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China’s key urban centres, including the capital Beijing and its most populous city, Shanghai, are expected to face hotter and longer summers, as well as wetter rainy months, a new Greenpeace study mapping extreme weather conditions due to climate change warned on Wednesday.
Greenpeace East Asia said the risk of extreme heat and rainfall is now highest in densely-populated city centres but is growing fast in communities that are becoming more urban on the outskirts of the country’s large cities.
That could mean more exposure to dangerous heatwaves for the elderly and those working outdoors as well as heavier flooding in cities such as Shanghai, Liu Junyan, the climate and energy project leader for Greenpeace in Beijing, said as he called on the authorities to adopt more effective measures to prepare for such conditions.
“Urban areas still don’t fully understand the variety of changes, and which ones will impact which areas and how, enough to be ready for them,” Liu told Al Jazeera.
The study found that Beijing is experiencing the “greatest increase” in average temperature, rising at a rate of 0.32 degrees Celsius (0.58 degrees Fahrenheit) every 10 years, with the frequency of heatwaves increasing “considerably” since 2000.
Factoring in the expected peak of global emissions around 2040, the increase in temperature in some parts of Beijing could exceed 2.6C (4.7F) by 2100, and summers would become longer by 28 days, the study added.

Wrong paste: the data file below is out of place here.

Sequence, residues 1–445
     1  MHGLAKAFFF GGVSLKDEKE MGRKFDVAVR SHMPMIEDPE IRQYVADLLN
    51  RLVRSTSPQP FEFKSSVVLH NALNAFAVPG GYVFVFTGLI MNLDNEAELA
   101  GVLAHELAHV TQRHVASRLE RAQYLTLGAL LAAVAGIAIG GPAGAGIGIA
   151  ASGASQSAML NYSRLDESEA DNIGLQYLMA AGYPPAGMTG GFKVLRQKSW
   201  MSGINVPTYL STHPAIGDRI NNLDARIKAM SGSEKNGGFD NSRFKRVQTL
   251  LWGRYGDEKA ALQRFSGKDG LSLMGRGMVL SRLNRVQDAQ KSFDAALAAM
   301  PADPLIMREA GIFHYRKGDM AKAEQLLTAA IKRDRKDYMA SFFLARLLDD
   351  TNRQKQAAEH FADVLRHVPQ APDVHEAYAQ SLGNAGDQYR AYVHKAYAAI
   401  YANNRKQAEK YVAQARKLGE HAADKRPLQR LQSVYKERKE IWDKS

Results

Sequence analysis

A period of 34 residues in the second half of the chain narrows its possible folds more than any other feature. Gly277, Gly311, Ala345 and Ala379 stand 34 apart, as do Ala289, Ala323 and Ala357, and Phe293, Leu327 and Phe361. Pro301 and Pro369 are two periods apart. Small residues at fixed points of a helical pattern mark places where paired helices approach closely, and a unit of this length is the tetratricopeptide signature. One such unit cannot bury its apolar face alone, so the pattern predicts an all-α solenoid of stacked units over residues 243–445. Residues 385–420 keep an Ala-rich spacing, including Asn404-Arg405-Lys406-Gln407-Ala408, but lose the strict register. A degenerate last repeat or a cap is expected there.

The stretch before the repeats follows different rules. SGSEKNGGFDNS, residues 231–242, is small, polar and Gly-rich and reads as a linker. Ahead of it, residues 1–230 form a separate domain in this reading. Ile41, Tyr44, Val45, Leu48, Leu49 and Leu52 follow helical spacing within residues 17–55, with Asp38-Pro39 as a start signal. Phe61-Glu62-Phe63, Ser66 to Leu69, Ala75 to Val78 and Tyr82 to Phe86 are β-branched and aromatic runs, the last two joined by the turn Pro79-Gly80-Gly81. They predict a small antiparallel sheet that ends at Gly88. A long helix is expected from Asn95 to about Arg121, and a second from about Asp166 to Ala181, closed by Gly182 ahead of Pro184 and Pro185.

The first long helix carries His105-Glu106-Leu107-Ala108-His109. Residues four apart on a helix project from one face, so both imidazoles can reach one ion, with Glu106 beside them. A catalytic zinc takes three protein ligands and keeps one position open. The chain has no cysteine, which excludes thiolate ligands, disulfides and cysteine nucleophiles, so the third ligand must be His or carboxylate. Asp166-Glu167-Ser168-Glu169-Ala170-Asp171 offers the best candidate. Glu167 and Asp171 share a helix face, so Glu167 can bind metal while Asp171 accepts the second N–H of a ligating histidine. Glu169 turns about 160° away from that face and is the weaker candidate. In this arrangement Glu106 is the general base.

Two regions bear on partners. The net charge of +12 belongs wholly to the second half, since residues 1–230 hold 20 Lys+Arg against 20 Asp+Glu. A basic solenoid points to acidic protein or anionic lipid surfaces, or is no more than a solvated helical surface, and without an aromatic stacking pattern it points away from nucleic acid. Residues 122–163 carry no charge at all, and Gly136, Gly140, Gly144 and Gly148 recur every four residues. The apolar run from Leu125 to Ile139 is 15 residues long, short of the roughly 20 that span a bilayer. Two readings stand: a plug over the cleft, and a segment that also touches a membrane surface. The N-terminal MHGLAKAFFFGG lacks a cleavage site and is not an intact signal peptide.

“For Beijing, we know this temperature rise will look like more days with temperatures at 35 degrees [Celcius] or hotter temperatures,” Liu said.
“Crucially, a 2.6-degree rise means more exposure to heatwaves. The elderly are at risk, as are people doing strenuous outdoor labour, like construction workers and delivery drivers.”
In February this year, the temperature shot up to 25.5C (78F) in some areas – the highest recorded during the winter season – according to several weather monitors and news reports.
Greenpeace said summers would also lengthen by between 24 and 28 days in Shanghai and to more than 40 days in the southern Guangdong province. Some parts of the Shanghai and Guangdong province would also experience a more than 25 percent rise in extreme rainfall, while the area’s northwest would experience more drought.
The Greenpeace warnings follow similar studies showing an increased risk in China from extreme heat related to climate change.
A July 2018 study published in the journal Nature Communications noted that the frequency and intensity of heatwaves observed in China have “increased significantly” during the last 50 years. It also warned that as many as 400 million people in northern China, including Beijing, could be affected by deadly heatwaves by 2100.
A December 2020 report published by The Lancet, a respected medical journal, said that heatwave-related mortality in China had risen “by a factor of four from 1990 to 2019, reaching 26,800 deaths in 2019.”
On Monday, the journal Frontiers in Sustainable Cities said Beijing and Shanghai were among 23 Chinese cities in the top 25 urban hubs around the world that produce 52 percent of the climate-warming gases annually.
The list also includes Tokyo and Moscow. Cities in the US, Europe and Australia still lead in the list in per capita terms, although several Chinese cities such as Yinchuan and Dalian as well as Urumqi in Xinjiang also recorded per capita emissions approaching the level of developed nations, according to the authors from Sun Yat-sen University and a Guangdong province pollution monitor both in Guangzhou.
In September 2020, President Xi Jinping said China aimed for carbon dioxide emissions to peak before 2030 and net-zero emissions before 2060, as part of the country’s commitment to curb climate change.